Preganglionic fibers can also pass through the sympathetic trunk without synapsing. These fibers are usually derived from the spinal cord levels T5 to L2(3). Once they pass through the sympathetic trunk, they combine with fibers from other levels to form and exit the trunk as a splanchnic nerve. Splanchnic nerves synapse on a prevertebral ganglia, and the postsynaptic fibers then pass onto the abdomen and pelvic viscera via a visceral motor nerve plexus.
The postganglionic compartment consists of postganglionic fibres travelling to effectors. The number of postganglionic fibers are greater than preganglionic ones. Approximately one preganglionic fiber synapses with at least thirty postganglionic fibers. After synapsing, postganglionic fibers leave the ganglia through gray rami communicantes and travel through the anterior and posterior rami of the spinal nerves. These rami carry the fibers all the way to the periphery and visceral components.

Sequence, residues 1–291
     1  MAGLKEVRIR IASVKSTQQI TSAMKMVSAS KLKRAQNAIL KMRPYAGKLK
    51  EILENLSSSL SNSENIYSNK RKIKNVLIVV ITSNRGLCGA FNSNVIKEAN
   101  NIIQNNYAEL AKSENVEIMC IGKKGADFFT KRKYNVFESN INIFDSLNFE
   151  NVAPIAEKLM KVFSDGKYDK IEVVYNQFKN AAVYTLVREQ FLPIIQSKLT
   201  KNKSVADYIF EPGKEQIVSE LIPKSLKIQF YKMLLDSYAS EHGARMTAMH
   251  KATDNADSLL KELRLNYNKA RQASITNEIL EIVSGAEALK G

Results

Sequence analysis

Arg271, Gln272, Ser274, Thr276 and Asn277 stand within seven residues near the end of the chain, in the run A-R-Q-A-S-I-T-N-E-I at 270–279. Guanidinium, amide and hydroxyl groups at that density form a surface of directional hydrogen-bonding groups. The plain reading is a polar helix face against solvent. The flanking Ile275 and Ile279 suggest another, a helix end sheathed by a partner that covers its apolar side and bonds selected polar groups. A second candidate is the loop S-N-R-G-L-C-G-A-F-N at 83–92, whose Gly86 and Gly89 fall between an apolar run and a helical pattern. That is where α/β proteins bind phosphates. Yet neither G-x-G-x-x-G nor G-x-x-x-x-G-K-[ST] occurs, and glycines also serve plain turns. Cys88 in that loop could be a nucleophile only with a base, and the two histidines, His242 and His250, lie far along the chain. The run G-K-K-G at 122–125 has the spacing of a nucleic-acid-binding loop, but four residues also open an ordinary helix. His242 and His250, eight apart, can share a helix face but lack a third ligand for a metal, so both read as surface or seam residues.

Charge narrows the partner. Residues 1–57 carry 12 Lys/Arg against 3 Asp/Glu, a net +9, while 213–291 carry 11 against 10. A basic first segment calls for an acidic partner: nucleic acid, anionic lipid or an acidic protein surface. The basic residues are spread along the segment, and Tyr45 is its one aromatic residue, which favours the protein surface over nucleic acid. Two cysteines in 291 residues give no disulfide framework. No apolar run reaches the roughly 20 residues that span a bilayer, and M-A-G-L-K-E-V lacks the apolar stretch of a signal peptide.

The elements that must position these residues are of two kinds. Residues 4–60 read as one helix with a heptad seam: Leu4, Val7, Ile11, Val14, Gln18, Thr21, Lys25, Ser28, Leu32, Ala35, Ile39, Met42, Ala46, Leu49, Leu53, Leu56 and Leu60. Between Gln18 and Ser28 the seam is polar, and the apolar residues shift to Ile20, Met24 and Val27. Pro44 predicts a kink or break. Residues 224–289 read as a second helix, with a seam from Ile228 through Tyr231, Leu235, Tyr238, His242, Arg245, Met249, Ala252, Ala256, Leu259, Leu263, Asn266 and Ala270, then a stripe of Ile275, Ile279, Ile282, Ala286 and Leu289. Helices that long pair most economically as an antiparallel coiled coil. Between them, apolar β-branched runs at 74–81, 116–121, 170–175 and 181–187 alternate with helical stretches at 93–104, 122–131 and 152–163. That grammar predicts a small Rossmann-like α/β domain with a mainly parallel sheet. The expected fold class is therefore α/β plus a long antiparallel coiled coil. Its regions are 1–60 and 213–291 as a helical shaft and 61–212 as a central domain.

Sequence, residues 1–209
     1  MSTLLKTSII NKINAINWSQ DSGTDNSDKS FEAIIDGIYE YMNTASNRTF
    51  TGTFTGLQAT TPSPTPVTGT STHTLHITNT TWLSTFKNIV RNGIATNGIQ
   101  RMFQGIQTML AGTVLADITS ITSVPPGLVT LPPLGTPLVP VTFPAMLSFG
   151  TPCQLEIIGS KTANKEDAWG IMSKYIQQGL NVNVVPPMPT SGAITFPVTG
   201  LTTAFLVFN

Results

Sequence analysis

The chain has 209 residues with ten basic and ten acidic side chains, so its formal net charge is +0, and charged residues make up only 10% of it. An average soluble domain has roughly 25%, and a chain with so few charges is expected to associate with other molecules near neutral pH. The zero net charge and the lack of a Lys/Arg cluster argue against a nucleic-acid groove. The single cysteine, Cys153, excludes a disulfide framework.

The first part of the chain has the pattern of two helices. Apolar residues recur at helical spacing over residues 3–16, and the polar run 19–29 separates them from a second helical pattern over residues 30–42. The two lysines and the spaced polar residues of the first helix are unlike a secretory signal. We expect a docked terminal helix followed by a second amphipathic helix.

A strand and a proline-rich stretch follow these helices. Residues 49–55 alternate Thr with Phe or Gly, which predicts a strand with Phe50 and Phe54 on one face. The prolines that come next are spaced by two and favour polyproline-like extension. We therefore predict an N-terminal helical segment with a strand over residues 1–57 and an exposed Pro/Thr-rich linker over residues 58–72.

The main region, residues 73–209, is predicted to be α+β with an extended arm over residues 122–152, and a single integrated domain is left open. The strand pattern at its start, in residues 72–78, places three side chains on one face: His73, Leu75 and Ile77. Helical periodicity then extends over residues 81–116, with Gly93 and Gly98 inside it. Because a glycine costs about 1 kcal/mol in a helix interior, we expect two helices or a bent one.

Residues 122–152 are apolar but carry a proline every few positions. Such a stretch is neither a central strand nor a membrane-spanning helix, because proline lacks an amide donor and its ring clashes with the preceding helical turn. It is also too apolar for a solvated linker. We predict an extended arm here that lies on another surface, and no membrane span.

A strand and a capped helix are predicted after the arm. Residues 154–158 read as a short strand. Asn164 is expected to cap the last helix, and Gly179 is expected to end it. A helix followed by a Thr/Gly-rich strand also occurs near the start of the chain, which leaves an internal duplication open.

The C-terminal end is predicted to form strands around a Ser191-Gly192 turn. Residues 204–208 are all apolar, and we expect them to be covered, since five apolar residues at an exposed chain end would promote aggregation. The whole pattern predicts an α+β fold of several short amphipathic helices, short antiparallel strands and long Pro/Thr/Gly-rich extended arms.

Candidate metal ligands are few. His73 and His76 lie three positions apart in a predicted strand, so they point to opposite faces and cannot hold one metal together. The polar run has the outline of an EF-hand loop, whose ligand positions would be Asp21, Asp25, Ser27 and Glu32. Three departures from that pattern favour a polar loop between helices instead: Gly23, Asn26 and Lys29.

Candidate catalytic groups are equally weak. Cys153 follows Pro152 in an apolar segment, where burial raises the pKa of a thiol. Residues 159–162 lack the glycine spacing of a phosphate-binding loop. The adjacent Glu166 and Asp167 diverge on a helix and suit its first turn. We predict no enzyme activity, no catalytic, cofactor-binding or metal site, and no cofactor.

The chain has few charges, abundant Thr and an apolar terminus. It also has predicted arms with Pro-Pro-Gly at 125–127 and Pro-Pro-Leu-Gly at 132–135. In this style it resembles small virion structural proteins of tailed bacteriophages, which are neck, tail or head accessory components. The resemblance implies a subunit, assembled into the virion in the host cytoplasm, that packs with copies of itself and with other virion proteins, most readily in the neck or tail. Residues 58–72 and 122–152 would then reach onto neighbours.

Ascending sympathetic fibers through the sympathetic trunk join peripheral nerves from C2-8 spinal nerves. These project onto effectors in the head, neck, upper limbs and thoracic cavity. For example, a cephalic arterial nervous branch leaves the superior cervical ganglion and projects onto the peri-arterial plexus on the carotid arteries. From here they project onto the dilator muscle of iris.
Descending sympathetic fibers through the sympathetic trunk join peripheral nerves from L3 to coccyx spinal nerves. These project onto the skin in the lower limbs, where they stimulate vasomotion, sudomotion and pilomotion.